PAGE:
CheckError(prc, "Setting IsRemote", &(PhidgetHandle)ch);
        
    if (channelInfo.netInfo.serverDiscovery) {
        prc = PhidgetNet_enableServerDiscovery(PHIDGETSERVER_DEVICEREMOTE);
        CheckEnableServerDiscoveryError(prc, &(PhidgetHandle)ch);
    } else {
        prc = PhidgetNet_addServer("Server", channelInfo.netInfo.hostname,
                    channelInfo.netInfo.port, channelInfo.netInfo.password, 0);
        CheckError(prc, "Adding Server", &(PhidgetHandle)ch);
    }
}

Might become:

prc = Phidget_setDeviceSerialNumber((PhidgetHandle)ch, 370114);
CheckError(prc, "Setting DeviceSerialNumber", &(PhidgetHandle)ch);

prc = Phidget_setHubPort((PhidgetHandle)ch, 2);
CheckError(prc, "Setting HubPort", &(PhidgetHandle)ch);

prc = Phidget_setIsHubPortDevice((PhidgetHandle)ch, 1);
CheckError(prc, "Setting IsHubPortDevice", &(PhidgetHandle)ch);

Notice that you can leave out any parameter not relevant to your application for simplicity.

You can then manipulate the rest of the code as your application requires. A more in-depth description of programming with Phidgets can be found in our guide on Phidget Programming Basics.

Setting up a New Project

When you are building a project from scratch, or adding Phidget functionality to an existing project, you'll need to configure your development environment to properly link the Phidget C library. To begin:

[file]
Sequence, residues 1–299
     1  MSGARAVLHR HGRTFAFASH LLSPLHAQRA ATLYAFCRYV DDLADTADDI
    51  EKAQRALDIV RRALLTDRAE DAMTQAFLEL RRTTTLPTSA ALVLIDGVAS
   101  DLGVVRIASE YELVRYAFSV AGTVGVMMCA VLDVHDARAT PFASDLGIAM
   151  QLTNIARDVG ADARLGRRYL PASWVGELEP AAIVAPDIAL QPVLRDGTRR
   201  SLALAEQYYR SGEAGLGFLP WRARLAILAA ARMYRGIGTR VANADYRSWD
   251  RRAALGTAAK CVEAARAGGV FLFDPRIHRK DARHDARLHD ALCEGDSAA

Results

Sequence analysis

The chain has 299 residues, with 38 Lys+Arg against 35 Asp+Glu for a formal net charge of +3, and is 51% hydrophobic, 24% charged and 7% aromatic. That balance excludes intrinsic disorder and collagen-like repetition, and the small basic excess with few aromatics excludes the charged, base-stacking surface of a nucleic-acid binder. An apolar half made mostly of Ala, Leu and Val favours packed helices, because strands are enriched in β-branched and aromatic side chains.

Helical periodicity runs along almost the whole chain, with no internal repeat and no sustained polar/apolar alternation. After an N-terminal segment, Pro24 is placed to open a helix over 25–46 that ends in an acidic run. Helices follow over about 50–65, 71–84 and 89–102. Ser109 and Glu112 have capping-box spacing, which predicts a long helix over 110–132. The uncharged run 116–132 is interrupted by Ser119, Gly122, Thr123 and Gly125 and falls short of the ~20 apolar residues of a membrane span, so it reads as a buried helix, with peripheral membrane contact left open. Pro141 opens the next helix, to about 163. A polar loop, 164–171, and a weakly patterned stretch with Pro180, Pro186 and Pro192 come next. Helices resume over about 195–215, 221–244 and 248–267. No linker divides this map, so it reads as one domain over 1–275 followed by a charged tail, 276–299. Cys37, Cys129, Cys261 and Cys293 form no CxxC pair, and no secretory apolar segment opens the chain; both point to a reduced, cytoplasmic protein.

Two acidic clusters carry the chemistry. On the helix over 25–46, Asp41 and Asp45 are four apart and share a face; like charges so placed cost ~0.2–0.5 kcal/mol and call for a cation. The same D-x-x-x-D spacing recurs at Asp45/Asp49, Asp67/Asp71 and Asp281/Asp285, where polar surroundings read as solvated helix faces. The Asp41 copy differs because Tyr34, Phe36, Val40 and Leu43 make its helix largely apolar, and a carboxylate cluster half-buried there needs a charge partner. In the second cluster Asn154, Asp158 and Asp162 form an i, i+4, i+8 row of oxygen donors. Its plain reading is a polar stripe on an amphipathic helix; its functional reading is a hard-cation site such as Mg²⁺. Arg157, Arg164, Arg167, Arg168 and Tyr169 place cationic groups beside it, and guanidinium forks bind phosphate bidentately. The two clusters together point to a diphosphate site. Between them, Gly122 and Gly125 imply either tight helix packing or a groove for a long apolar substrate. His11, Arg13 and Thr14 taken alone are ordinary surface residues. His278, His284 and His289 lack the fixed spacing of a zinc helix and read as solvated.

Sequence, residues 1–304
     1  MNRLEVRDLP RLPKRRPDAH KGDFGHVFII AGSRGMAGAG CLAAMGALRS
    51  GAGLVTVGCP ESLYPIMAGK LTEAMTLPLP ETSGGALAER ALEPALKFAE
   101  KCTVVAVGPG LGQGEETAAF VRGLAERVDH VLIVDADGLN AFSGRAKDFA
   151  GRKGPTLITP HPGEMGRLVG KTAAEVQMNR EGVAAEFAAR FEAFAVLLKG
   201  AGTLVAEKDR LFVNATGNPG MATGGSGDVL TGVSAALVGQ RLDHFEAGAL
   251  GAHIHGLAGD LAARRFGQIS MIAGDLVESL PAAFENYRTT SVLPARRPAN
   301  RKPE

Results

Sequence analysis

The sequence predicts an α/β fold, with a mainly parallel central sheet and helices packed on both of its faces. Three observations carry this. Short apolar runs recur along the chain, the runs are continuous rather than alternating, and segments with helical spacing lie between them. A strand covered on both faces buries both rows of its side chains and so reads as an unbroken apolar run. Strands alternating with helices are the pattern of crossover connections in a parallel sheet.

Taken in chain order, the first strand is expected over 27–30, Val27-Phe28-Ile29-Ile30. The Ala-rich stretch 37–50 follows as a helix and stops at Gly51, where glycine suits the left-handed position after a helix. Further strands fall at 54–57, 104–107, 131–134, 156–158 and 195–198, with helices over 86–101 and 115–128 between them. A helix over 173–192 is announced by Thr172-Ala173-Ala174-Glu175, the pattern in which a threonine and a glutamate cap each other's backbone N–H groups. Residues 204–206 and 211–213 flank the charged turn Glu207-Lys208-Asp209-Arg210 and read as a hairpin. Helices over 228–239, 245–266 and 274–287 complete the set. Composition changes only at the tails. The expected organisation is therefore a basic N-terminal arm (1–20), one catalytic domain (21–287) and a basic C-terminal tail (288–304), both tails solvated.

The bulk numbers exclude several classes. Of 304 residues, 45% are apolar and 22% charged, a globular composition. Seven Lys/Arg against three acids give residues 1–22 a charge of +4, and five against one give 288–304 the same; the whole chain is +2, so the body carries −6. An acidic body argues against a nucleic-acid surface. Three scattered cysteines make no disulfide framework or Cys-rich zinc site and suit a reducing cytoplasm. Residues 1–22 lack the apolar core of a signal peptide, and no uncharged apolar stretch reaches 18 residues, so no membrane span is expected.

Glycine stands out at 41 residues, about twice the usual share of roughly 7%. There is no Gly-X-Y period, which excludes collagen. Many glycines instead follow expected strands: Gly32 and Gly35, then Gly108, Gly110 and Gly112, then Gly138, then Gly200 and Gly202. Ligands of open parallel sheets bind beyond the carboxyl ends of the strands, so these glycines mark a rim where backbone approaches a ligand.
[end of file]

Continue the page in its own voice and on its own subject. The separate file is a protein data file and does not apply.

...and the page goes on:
Create a new Win32 Console application:

C vs newproject.PNG


Select an empty project and finish:

C vs emptyproject.PNG


If you are using a 64-bit machine, select x64, otherwise, keep x86:

C vs configuration.png


Next, add a new item to your source folder:

C vs additem.png


Give the source file a descriptive name and continue:

C vs addsource.PNG


Access the project's properties:

C vs propertie.png


Next, navigate to Configuration Properties -> C/C++ -> General and add the following line to the additional include directories:

  • C:\Program Files\Phidgets\Phidget22


C vs additionalinclude.png


Navigate to Configuration Properties -> Linker -> Input and add the following line to the additional dependencies:

  • C:\Program Files\Phidgets\Phidget22\phidget22.lib


C vs additionadepend.png

Finally, include the Phidget library in your code, and any other header files:

#include <phidget22.h>
C vs finished.PNG

Success! The project now has access to Phidgets.

Common Issues

  • Linker error when using examples with a non-English version of Windows

The example projects, by default finds the phidget22.h and phidget22.lib in ${SystemDrive}\Program Files\Phidgets\Phidget22. If you are using a non US-English version of Windows, the Phidget drivers may be installed into a different location. To resolve, you will have to modify the paths to these two files.

What's Next?

Now that you have set up Phidgets to work with your programming environment, we recommend you read our guide on Phidget Programming Basics to learn the fundamentals of programming with Phidgets.Next Arrow.png